some 100,000 billion and weigh around 2lbs (1kg).
Over recent years we have increasingly come to
recognise the value of these gut bacteria to health,
and how we can positively influence the composi-
tion of the intestinal flora.
Billions of ‘friendly’ and ‘unfriendly’ bacteria live
side by side in the lower gut influencing health both
day-to-day and year-to-year. Beneficial bacteria (for
example, lactobacillus and bifidobacteria) are able to
use particular types of carbohydrate (called fructo-
oligosaccharides) which are resistant to digestion in
the upper digestive tract to produce a source of
energy. These non-digestible food ingredients,
known as prebiotics, selectively stimulate the growth
of good bacteria in the colon, and inhibit the growth
of less friendly types, such as staphylococcus and sal-
monella (Gibson and Roberfroid 1995).
Bingham SA et al (2003) Dietary
fibre in food and protection
against colorectal cancer in the
European Prospective
Investigation into Cancer and
Nutrition (EPIC): an observational
study. The Lancet. 361, 9368,
Department of Health (1998)
Hospital Episode Statistics.
London, DoH.
Gibson GR, Roberfroid MB (1995)
Dietary modulation of the
human colonic microbiota:
introducing the concept of
prebiotics. Journal of Nutrition.
125, 6. 1401-1412.
Guarner F, Malagelada JR (2003)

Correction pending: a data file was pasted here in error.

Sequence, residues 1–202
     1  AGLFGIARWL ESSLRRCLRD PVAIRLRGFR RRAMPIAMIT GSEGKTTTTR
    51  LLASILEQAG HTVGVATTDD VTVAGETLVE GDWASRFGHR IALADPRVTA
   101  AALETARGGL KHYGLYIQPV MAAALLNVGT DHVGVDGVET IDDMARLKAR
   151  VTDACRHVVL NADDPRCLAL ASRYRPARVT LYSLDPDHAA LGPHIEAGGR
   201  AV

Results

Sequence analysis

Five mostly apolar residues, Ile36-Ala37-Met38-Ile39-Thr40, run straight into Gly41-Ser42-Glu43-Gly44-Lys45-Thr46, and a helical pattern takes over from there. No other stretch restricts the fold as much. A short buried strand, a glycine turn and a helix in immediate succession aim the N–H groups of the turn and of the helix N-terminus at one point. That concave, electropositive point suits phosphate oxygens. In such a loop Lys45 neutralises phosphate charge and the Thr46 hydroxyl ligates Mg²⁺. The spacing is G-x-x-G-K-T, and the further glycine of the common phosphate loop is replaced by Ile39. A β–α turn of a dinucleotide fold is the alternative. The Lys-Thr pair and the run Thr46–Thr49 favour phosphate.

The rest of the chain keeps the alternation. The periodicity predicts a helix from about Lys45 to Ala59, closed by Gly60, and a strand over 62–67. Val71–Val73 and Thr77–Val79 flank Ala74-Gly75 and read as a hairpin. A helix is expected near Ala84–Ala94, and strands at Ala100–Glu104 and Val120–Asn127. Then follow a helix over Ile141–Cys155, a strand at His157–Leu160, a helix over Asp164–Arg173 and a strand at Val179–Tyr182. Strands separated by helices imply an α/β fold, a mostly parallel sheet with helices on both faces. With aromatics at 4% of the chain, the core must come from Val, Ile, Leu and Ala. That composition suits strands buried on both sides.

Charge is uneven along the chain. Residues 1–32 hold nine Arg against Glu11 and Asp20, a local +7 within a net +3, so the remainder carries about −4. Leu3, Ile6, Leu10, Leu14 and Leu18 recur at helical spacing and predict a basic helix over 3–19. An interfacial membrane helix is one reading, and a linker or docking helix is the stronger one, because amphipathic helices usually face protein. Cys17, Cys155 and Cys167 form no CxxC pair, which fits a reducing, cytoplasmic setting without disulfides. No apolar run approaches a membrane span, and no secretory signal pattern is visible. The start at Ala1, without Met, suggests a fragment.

Gut flora in health and disease.
The Lancet. 360, 9356, 512-519.
Henderson et al (2003) National
Diet and Nutrition Survey: Adults
Aged 19-64 Years. London, The
Stationery Office.
Parillo M, Riccardi G (2004)
Diet composition and the risk of
type 2 diabetes: epidemiological
and clinical evidence. British
Journal of Nutrition. 92, 1, 7-19.
Peters U et al (2003) Dietary fibre
and colorectal adenoma in a
colorectal cancer early detection
programme. The Lancet. 361,
93368, 1491-1495.
Smith A et al (2001) High fibre
breakfast cereals reduce fatigue.
Appetite. 37, 3, 249-250.
Swinburn BA et al (2004)
Diet, nutrition and the
prevention of excess weight
gain and obesity. Public Health
Nutrition. 7, 1A, 123-146.
clinical update
primary health care | Vol 15 No 1 | February 2005 31
A thriving community of bacteria helps to fight off
the bugs that cause stomach upsets, which is espe-
cially important for children who are more vulnera-
ble to these than adults. In addition, friendly bacteria
help with: